Obamamania in Corpus Christi
By Peter Slevin
CORPUS CHRISTI, Tex -- It's the kind of coverage a campaign can't buy.
Readers of the Corpus Christi Caller-Times unfolded their paper this morning to see lots and lots of coverage of Barack Obama, one day after he held a rally in a downtown arena. The entire front page was devoted to Obama, beneath a tall headline that called out, "OBAMA-RAMA."
A photograph of Obama covered most of the top half of the page, with two shots of Obama supporters below. Inside, the paper devoted more than five pages of a 12-page news section to politics, almost all of it connected to the Illinois Democrat's visit.
If anyone wonders why candidates often exhaust themselves and their staffs by scheduling rallies far from the big cities, this sort of local coverage is one good explanation. And it is especially true in this year's hard-fought Democratic primaries, where delegates are awarded not just statewide, by district by district.
Obama, who drew 6,500 people to a Friday afternoon rally, was preceded in the Corpus Christi area by Sen. Hillary Rodham Clinton (D-N.Y.), and followed Saturday morning by former president Bill Clinton, who held an 8 a.m. rally at Lions Park before jetting to Killeen and El Paso events with Rep. Solomon Ortiz (D-Tex.) and Rep. Kendrick Meek (D-Fla.)
Trying his best to puncture Obama's balloon, Bill Clinton told several hundred supporters here this morning that the Obama campaign is little more than a "feeling of change."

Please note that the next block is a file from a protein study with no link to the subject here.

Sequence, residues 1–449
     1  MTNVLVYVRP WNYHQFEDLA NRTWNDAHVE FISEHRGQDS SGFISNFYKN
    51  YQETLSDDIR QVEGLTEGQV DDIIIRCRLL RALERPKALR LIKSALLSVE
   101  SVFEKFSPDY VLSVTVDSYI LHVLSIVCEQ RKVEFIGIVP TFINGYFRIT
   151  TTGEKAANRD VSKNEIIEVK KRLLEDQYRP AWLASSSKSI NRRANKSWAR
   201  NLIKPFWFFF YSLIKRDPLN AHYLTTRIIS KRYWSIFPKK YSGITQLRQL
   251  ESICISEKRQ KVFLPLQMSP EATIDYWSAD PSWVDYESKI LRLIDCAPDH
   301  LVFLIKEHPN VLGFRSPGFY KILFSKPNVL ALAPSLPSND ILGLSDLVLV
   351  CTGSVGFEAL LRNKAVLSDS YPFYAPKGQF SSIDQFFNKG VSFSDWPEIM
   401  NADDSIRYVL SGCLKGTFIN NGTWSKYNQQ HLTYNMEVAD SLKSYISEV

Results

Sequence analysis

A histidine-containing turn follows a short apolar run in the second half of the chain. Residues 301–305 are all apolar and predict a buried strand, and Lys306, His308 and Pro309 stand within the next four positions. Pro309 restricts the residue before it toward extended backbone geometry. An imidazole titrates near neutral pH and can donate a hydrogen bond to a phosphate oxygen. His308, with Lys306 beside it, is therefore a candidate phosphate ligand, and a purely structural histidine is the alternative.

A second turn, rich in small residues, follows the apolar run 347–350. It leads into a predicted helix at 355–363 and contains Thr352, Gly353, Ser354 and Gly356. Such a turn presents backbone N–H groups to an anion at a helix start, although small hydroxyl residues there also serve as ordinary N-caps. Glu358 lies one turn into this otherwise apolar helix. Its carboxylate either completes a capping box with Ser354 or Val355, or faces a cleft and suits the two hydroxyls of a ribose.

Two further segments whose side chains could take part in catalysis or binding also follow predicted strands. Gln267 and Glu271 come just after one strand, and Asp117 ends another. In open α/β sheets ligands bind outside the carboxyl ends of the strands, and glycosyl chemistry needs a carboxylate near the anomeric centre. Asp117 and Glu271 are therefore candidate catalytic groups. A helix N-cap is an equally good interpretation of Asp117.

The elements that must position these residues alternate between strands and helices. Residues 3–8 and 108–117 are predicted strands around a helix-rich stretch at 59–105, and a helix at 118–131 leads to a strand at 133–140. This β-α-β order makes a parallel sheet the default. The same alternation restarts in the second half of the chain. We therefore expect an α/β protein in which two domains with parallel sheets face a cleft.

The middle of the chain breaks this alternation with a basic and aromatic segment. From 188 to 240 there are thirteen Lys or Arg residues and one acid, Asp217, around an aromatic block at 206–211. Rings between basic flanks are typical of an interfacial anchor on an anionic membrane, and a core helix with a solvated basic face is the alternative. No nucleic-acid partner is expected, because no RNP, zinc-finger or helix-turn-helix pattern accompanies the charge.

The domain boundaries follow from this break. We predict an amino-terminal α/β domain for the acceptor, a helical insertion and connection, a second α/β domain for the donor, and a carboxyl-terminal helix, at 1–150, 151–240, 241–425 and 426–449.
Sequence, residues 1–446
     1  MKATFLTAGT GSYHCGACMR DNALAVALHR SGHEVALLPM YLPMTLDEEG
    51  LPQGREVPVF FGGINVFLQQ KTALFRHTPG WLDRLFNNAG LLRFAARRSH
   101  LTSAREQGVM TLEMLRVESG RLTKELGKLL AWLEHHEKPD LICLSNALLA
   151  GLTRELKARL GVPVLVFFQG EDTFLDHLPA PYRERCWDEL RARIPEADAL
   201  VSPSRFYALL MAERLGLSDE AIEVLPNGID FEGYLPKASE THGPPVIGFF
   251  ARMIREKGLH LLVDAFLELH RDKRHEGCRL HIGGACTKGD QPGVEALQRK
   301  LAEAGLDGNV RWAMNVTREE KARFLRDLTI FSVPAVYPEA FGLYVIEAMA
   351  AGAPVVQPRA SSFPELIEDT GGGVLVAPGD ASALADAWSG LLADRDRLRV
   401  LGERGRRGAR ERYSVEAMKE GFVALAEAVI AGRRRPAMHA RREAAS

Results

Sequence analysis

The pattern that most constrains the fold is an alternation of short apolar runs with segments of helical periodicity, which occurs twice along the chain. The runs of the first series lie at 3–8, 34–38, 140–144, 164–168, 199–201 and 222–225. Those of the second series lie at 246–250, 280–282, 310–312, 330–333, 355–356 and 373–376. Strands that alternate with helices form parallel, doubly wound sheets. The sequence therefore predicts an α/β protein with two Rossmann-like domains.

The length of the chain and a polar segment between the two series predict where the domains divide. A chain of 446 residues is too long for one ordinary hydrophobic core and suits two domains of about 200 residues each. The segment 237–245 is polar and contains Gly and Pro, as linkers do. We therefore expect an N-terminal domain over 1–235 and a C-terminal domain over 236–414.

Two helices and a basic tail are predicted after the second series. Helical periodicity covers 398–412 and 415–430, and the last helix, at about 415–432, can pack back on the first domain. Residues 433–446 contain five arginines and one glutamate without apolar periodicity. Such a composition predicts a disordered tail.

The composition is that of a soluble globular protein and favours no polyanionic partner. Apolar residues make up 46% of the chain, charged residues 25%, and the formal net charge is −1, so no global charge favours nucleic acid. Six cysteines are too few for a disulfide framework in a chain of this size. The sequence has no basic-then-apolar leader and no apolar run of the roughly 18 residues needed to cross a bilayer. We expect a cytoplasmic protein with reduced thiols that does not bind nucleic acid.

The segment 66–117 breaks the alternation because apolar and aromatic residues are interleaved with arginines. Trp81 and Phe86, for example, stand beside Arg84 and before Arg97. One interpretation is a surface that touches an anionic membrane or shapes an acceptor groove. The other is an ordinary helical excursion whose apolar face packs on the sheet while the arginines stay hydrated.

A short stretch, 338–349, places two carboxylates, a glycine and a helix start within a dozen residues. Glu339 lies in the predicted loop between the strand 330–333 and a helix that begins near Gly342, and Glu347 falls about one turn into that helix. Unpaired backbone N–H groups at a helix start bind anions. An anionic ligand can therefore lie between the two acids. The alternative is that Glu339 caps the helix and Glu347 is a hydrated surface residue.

But in the Caller-Times, today was Obama's day.
Here are the headlines on the three stories on the front page: "Pledge to end Iraq war draws huge applause"; "Supporters gain hope from presidential hopeful"; and "Excitement from dawn till dusk."
Headlines inside included: "Superdelegates go for Obama"; "Rain goes away, supporters don't"; and "Obama tuition proposal well-received."
One small article on page 9A referred to the recent visit by Sen. Clinton to nearby Robstown. That headline: "Undecided voters go to both candidates' rallies. Some say they'll choose whoever can inspire them."
Hoping to even things out, at least a little, Bill Clinton traveled to a park in a working class neighborhood to speak up for his wife. Contrasting her with Obama, whose bywords in 11 consecutive victories have been hope and change, he said Clinton is "someone who actually made change in someone else's life."
Clinton, speaking to a crowd of several hundred supporters, echoed his wife's contention that Obama is inexperienced and is relying on speeches as a mask for presidential readiness. He said that Obama's campaign is too much about a feeling, and too much about forgetting the 1990s, when the Clintons spent two terms in the White House.
"This is not about feeling, this is about fact," Clinton said at one point, discussing Iraq and military affairs in a state closely tied to the armed services. Later, he asked the crowd to choose between "the finest changemaker I have ever known" and Obama's "feeling of change and starting all over again."
When it comes to a president, Clinton said, he likes a candidate "with a few battle scars."
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